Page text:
Larry Buchanan was a producer and director of very low-budget films, with titles such as Zontar, the Thing from Venus (1966) and Mars Needs Women (1967). In his autobiography, Buchanan cheerfully called himself a “schlockmeister.” In the late 1960s, Buchanan formed Azalea Pictures to make cheap films for American Independent Television, the TV arm of American Independent Pictures (AIP), which specialized in low-budget B movies (though not as cheap as Buchanan’s) made by Roger Corman and others. Buchanan recalled that his instructions from AIP were: “We want cheap color pictures, we want half-assed names in them, we want them 80 minutes long and we want them tomorrow.”
By “half-assed names,” AIP meant actors whose names would be familiar to audiences but whose careers were essentially over (so they would work cheaply). The last of the Azalea films, It’s Alive! (1969), was the only movie made by Buchanan in Arkansas. The “name” in It’s Alive! was Tommy Kirk, who had played adolescents in Disney films such as Old Yeller (1957) and Swiss Family Robinson (1960) but then fell so far that he played a Martian in Buchanan’s Mars Needs Women. Kirk played Wayne, the paleontologist hero of It’s Alive! Wayne and bickering New York tourists Lesland and Norman are kidnapped by Ozark Mountains recluse Greevy, who plans to feed them to a prehistoric monster he keeps in a cave. Greevy also threatens Bella, whom he has kidnapped and enslaved.
It’s Alive! gets a low rating from fan critics on the Internet Movie Database (IMDB), but Rob Craig, in his book The Films of Larry Buchanan, takes the schlockmeister and his works seriously. He considers It’s Alive! “a unique and haunting experience” and the third in Buchanan’s “trilogy commenting on the 1960s sexual revolution,” after Mars Needs Women and Creature of Destruction (1967). Much of It’s Alive! is about the nasty bullying of Lesland by her husband, Norman, and the even more appalling terrorizing of Bella by Greevy. Both male tyrants are destroyed.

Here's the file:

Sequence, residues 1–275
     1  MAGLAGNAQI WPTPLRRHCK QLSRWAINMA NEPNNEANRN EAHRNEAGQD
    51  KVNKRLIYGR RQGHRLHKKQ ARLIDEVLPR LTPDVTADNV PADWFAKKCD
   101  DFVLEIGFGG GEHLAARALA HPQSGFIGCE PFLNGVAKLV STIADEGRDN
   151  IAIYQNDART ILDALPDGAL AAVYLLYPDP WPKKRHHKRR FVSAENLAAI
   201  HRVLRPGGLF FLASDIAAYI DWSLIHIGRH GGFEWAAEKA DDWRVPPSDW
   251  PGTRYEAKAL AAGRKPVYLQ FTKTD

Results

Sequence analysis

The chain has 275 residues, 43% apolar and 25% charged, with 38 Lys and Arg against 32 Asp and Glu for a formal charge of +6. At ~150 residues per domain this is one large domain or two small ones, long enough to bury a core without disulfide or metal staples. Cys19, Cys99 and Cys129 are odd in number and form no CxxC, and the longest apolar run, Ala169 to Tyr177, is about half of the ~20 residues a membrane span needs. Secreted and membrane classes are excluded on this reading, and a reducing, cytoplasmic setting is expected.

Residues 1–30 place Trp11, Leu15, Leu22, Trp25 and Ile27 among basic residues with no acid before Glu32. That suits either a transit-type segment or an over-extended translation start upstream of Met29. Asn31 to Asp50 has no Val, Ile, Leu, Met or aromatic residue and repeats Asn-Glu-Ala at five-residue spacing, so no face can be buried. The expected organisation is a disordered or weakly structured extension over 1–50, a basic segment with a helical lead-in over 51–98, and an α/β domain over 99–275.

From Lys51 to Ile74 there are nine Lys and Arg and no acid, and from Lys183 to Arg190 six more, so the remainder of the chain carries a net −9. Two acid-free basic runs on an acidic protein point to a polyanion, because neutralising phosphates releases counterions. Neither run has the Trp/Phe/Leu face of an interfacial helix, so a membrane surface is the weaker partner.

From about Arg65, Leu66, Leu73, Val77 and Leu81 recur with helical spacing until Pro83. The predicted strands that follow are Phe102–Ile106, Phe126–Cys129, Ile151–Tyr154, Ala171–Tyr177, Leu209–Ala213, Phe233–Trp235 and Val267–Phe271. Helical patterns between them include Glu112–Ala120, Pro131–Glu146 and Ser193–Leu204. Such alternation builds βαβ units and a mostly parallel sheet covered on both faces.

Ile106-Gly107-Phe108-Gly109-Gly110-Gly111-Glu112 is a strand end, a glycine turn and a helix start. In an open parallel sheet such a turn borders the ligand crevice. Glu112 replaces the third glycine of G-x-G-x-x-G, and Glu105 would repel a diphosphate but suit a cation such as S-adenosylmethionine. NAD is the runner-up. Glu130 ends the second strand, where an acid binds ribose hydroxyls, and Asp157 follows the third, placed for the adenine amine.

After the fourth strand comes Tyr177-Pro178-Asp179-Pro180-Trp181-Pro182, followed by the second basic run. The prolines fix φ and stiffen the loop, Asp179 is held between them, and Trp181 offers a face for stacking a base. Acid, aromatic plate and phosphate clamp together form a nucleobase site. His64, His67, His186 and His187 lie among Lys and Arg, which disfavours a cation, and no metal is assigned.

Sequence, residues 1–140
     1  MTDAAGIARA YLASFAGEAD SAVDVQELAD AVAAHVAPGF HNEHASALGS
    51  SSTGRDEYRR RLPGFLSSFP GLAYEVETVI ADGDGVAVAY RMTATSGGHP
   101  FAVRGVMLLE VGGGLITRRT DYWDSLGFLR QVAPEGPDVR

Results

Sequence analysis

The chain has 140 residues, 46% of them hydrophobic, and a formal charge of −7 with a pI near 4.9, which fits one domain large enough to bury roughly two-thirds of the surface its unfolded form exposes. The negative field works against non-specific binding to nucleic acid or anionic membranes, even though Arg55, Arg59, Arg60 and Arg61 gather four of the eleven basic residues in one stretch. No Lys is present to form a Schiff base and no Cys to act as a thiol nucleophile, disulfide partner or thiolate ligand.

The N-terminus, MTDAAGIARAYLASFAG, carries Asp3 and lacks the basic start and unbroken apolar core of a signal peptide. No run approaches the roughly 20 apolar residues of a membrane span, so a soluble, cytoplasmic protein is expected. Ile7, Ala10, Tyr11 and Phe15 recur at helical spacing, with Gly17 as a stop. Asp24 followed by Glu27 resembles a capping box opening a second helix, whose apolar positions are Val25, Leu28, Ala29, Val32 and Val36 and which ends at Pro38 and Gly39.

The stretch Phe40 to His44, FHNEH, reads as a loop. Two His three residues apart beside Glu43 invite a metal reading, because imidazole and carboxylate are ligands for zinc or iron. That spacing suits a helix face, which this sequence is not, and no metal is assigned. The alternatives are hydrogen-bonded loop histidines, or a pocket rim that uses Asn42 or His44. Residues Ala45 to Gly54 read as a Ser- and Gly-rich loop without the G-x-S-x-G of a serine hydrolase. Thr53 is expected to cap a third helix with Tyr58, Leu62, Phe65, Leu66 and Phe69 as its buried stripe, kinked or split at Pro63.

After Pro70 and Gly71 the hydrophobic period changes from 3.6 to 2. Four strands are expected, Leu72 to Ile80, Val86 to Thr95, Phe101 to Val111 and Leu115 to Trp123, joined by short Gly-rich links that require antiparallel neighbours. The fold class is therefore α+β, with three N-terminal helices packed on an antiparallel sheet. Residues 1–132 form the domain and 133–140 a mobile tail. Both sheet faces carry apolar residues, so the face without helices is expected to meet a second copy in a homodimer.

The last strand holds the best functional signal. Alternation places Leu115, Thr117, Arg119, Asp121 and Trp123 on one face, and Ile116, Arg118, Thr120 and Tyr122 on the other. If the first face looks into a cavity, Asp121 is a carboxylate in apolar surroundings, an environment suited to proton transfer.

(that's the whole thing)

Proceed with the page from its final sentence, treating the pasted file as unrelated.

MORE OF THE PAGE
Buchanan, who wrote and edited as well as directed It’s Alive!, achieves some dreamlike horror in his realistic setting. The ordinary-looking setting and actors and the all-too-real abuse of women by men suggest to viewers that this nightmare could almost actually happen. Even the blatantly ridiculous monster, seen only briefly, does not detract too much from the unease. Best of all is the memorable performance by stocky Texan character-actor Bill Thurman as Greevy, who can be friendly and reassuring one moment, and vindictive and sadistic the next.
It’s Alive! opens as the tourists drive past dinosaur statues in the woods. Craig writes that the film was made in the Ozarks but says the dinosaur statues were filmed at Dinosaur Valley State Park and the cave scenes at Longhorn Cavern State Park, both in Texas. IMDB does not mention those Texas locations but says the dinosaur attraction shown was the abandoned Dinosaur World at Beaver (Carroll County) and mentions Onyx Cave in Eureka Springs (Carroll County).
For additional information:
Albright, Brian. Regional Horror Films, 1958–1990: A State-by-State Guide with Interviews. Jefferson, NC: McFarland, 2012.
Buchanan, Larry. It Came from Hunger!: Tales of a Cinema Schlockmeister. Jefferson, NC: McFarland, 1996.
Craig, Rob. The Films of Larry Buchanan: A Critical Examination. Jefferson, NC: McFarland, 2007.
“It’s Alive!” Internet Movie Database. http://www.imdb.com/title/tt0063145/?ref_=fn_al_tt_4 (accessed October 6, 2020).
Little Rock, Arkansas
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